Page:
Skip to main content

Full text of "Flora Indica Vol-I"

See other formats

14                                         FLORA  INDICA.
tural ordete of plants. Unfortunately, 19 tx>tany, as in every
otheu hranch of natural science, no progress can b made in
the study of the vital phenomena except the observer have a
previous accurate acquaintance with the various modifications
under which the individual organs of plants appear in the dif-
ferent natural orders, and such an appreciation of the /com-
parative value, structural and nforphological, of these modifi-
cations, as can only be obtained by a careful study of the affi-
nities of their genera and species.*Ignorance of these general
laws leads to misinterpretation of the phenomena investigated
by the physiologist, and to that confusion of ideas which is so
conspicuous in the writings of some of the astute physiolo-
gical observers of the dayy
The modern system of botanical instruction attempts far
too much in a very limited space of time, and sends the ntu-
dent forth so insufficiently grcmjxled in any branch of the
science, that -he is unprepared fox the difficulties which he
encounters, let' his desire to progress be ever so great. The
history of botanical discovery, and the philosophy of its ad-
vance, form instructive chapters for the student in any de-
partment of natural science. In Professor Whrorell's * His-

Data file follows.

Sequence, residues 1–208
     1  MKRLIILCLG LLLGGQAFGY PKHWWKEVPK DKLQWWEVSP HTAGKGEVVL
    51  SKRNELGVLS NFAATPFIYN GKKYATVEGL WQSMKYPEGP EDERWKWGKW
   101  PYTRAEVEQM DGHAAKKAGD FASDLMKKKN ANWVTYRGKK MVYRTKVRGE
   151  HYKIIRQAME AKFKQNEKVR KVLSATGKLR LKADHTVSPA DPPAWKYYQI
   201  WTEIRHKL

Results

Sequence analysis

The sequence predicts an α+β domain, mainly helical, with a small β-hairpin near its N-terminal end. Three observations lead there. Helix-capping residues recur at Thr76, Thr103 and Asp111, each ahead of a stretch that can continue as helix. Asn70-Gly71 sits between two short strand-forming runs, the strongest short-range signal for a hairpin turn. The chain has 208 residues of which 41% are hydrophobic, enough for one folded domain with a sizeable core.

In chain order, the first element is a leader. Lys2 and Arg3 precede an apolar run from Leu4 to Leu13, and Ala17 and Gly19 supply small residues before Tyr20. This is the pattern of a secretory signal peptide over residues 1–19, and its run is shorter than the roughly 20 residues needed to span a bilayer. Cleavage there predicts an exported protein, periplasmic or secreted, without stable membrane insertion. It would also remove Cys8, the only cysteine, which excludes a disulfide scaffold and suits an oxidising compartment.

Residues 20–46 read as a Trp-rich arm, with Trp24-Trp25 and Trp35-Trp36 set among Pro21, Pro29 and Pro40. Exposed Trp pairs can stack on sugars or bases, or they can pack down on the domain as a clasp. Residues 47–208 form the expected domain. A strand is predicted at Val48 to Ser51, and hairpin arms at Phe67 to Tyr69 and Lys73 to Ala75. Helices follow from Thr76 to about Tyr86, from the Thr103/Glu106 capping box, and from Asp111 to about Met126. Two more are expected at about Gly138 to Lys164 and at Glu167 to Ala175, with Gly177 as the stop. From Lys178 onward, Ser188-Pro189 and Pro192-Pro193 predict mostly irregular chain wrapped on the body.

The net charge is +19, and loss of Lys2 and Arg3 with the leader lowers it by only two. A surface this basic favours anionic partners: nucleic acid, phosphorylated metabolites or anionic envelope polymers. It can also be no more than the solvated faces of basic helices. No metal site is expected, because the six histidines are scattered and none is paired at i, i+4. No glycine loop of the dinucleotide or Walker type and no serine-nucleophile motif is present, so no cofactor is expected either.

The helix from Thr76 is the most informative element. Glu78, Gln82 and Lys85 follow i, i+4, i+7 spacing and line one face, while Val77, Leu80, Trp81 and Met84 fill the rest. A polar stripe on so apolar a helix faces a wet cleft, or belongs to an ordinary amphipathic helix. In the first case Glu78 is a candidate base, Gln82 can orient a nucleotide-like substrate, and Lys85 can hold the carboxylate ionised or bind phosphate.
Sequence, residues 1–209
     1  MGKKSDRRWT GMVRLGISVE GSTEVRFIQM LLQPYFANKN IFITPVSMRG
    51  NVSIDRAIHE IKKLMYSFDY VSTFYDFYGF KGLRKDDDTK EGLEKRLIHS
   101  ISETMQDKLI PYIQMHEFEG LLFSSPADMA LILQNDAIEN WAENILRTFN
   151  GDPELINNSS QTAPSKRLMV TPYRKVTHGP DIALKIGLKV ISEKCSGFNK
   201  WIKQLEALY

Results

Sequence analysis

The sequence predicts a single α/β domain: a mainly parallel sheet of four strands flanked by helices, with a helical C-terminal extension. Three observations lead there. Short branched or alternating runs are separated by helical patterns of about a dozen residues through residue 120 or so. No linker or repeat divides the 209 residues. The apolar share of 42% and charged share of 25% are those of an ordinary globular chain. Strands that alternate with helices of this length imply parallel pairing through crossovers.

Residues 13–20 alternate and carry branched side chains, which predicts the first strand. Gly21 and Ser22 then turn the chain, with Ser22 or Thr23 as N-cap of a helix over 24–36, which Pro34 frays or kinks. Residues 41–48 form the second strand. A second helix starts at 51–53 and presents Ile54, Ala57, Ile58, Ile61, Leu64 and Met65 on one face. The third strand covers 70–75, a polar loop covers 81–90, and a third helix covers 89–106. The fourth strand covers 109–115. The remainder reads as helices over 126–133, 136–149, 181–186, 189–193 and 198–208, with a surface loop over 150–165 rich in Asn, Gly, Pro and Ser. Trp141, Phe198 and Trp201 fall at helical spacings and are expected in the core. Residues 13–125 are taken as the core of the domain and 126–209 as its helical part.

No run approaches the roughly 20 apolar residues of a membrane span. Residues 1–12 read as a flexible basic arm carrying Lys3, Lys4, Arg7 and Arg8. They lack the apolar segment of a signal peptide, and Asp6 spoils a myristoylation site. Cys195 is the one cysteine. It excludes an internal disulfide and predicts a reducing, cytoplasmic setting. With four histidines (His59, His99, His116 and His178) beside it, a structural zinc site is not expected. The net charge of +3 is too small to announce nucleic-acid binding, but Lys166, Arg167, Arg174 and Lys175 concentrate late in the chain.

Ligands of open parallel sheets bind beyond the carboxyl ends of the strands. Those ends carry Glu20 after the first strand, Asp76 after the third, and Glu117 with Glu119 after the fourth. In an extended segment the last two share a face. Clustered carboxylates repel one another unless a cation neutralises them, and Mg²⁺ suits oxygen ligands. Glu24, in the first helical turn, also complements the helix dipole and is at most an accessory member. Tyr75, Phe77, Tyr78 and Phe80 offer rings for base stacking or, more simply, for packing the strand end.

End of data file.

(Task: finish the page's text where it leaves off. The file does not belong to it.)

tory of the Inducti\e Sciences/ the subject is ably sketched
for the information of the general reader; and it is there
shown that the most important contributions to the prores
of the science have been purely physiological questions, in-
vestigated with consummate judgment by our most eminent
systematists. "We owe to Linnseus the establishment of the
doctrine of the sexuality of plants; and we find by the writ-
ings of the same great naturalist, that besides foreseeing many
physiological discoveries, he preceded Goethe in the discovery
of morphology, a doctrine which, more than any other, has
tended to advance scientific botany* A third great discovery,
that of the nature of the ovule, and the relation of the pollen-
tube to the ovary, received its principal illustration at the
hands of Brown, oiir chief systematic, and of Brouguiart, also
n practised botanist.